I finished Eating Animals by Jonathan Safran Foer this week. A quick read if you find factory farming interesting. Or horrifying. This is the latest attempt to better educate myself about the journey food takes in getting to my stomach.
Gory details aside, Foer lays it out there. You do not want to know how a chicken breast becomes juicy or the actual amount of waste that is produced on a factory farm and what’s done with it. (Maybe a fecal fountain to go with a side of asthma?)
No judgment is being passed, since I have eaten meat in the past month. The occasions are few, but it’s easy to fall back to the “I eat it because it tastes good” mentality. Or when my dad grills steak because he still thinks it’s my favorite meal. (I loved steak so much as a kid I would eat the leftover fat.) Clearly my convictions are not stronger that the desire to please my father.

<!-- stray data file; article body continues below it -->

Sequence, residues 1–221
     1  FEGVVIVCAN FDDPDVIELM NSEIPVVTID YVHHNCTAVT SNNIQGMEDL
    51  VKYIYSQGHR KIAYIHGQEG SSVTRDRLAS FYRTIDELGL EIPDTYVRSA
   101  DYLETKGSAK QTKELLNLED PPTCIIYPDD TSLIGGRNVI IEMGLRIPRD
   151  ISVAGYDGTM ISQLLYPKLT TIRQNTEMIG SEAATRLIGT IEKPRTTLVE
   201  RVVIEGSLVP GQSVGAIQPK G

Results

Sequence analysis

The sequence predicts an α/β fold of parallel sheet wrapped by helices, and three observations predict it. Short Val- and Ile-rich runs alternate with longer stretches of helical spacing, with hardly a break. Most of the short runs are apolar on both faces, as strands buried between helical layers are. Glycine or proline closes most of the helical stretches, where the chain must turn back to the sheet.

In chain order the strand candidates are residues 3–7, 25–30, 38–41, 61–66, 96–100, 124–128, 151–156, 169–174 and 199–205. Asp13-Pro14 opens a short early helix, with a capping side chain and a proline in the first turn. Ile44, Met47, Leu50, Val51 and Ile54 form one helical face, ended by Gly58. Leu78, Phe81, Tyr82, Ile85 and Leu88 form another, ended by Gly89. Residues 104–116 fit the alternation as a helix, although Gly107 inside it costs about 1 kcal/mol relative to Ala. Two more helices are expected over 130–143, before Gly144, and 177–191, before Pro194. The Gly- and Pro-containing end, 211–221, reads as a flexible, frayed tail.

My journey to vegetarianism is obviously not complete, but is getting close. The more I learn the less meat I eat. It’s becoming harder to ignore the terrible treatment of the animals, appalling factory working conditions, massive environmental effects and resulting health issues. (Read The China Study by T. Colin Campbell.)
But not everyone wants to know. It’s easier to stick fingers in one’s ears and sing la-la-la. (My dad did this when my sisters and I discussed the movie Food, Inc.) At 73, no way is he giving up pork products.
So I’m on a farewell to meat tour, which should wrap up by 2011. On the schedule: filet at Capital Grille, Kobe burger at Blanc, Paco shrimp at JJ’s, chicken at Stroud’s and maybe even a few Taco Bell Tacos. (I’ve been told their meat comes in boxes stamped “Grade D Edible,” but maybe that’s a myth.) And I’ll wrap the whole thing up with bacon ice cream.